NOTES on The Shack:
The Shack was a good movie, redemptive and insightful about the nature of good and evil, which is not to say that it’s entirely correct. The work of forgiveness was shown realistically as a difficult but necessary task. It does, however, play into what is a desire/belief of many that there is no eternal punishment for sin. “Wisdom’s” statement that “sin is its own punishment” is unfortunate (and wrong). In focusing so exclusively on the love of God, the holiness of God is overlooked.
We talk to the ladies at Titus 2 often about the nature of God, as revealed in the Bible. We’ve also talked about God “meeting us at the point of our need.” In the Shack, the need for key characters to be free of their sense of guilt and personal responsibility for tragedy due to a moment of neglect or carelessness and to forgive and be forgiven and be able to move forward is clear. It is a little too sappy in suggesting that one can have complete closure on a tragedy. Some things we simply may never understand, but we can trust the love of God, even if we don’t get our “Shack” weekend to work through it all.
There is a moment during which Sarayu (Spirit) is digging in the dirt with Mac and she cautions him about a poisonous root. He interprets that as the root being “bad”, but she points out that the poison of the root, combined with the nectar of a flower nearby creates a healing balm. That, along with Wisdom’s statement that sin is its own punishment, were probably the most uncomfortable moments of the movie for me as a Christian. It’s just not that easy to cancel out the “bad” with something else and make the two things produce something “healing.” That pushed the concept of “redemptive” a little too far. Some things are just bad, period, and need to be destroyed. Nothing is going to make them good or “healing.” But God can bring healing to the damage done by the “poison”……even though scars remain and not everything is right as rain afterward, but God’s grace is sufficient to allow us to let go and move forward.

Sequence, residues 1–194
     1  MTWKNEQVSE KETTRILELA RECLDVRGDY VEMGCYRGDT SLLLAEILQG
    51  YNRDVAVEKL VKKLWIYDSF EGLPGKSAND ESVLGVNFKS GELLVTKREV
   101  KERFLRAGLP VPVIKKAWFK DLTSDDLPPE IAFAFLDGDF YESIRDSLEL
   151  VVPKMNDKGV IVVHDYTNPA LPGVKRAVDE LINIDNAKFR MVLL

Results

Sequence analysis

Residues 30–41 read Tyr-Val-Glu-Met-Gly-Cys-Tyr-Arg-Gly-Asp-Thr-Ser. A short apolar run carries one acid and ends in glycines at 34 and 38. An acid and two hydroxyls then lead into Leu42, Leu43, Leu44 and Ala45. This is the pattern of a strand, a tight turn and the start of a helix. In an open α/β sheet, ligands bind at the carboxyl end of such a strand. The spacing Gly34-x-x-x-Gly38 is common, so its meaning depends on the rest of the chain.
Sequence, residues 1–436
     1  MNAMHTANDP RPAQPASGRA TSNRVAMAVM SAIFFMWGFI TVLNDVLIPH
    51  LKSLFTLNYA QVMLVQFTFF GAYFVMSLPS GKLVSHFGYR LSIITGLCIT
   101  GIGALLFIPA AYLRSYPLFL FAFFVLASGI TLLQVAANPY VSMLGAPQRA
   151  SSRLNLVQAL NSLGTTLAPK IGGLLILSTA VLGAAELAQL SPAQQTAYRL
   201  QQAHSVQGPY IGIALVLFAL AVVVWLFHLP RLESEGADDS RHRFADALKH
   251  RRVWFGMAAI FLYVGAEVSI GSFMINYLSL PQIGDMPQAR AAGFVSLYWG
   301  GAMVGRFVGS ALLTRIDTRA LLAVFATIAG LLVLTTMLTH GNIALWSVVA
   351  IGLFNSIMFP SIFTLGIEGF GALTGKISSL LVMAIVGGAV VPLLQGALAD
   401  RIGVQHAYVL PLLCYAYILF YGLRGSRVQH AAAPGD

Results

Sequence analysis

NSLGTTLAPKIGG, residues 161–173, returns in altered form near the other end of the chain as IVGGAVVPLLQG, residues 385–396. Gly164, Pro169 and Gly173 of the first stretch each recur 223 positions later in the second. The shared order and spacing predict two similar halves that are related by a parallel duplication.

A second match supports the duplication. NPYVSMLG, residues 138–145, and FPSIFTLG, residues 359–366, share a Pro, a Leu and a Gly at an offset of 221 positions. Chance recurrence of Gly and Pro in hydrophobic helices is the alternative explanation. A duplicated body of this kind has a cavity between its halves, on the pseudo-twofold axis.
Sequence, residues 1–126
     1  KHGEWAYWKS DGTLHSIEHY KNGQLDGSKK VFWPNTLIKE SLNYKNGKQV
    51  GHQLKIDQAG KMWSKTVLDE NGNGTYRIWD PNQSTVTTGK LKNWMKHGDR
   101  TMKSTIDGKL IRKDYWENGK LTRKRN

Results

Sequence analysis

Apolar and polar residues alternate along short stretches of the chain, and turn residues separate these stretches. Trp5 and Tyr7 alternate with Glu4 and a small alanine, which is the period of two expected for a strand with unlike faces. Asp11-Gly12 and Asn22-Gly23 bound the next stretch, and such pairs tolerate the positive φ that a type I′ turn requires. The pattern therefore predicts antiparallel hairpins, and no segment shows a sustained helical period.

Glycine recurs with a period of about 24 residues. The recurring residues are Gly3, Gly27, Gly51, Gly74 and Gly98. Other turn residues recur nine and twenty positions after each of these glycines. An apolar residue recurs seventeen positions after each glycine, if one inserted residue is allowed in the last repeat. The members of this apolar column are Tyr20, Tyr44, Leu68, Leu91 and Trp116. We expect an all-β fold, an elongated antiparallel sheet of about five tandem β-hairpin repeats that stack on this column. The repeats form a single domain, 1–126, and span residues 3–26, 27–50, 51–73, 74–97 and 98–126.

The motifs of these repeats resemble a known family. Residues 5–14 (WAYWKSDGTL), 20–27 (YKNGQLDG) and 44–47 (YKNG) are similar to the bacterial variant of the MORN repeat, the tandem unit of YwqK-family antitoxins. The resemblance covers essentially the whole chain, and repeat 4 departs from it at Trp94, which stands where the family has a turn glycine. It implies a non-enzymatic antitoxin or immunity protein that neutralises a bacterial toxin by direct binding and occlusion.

I did like the way Papa assured Mac that God was present with Christ in his suffering and death, that Christ was never abandoned and the scars of Christ are present on the wrist of Papa, too.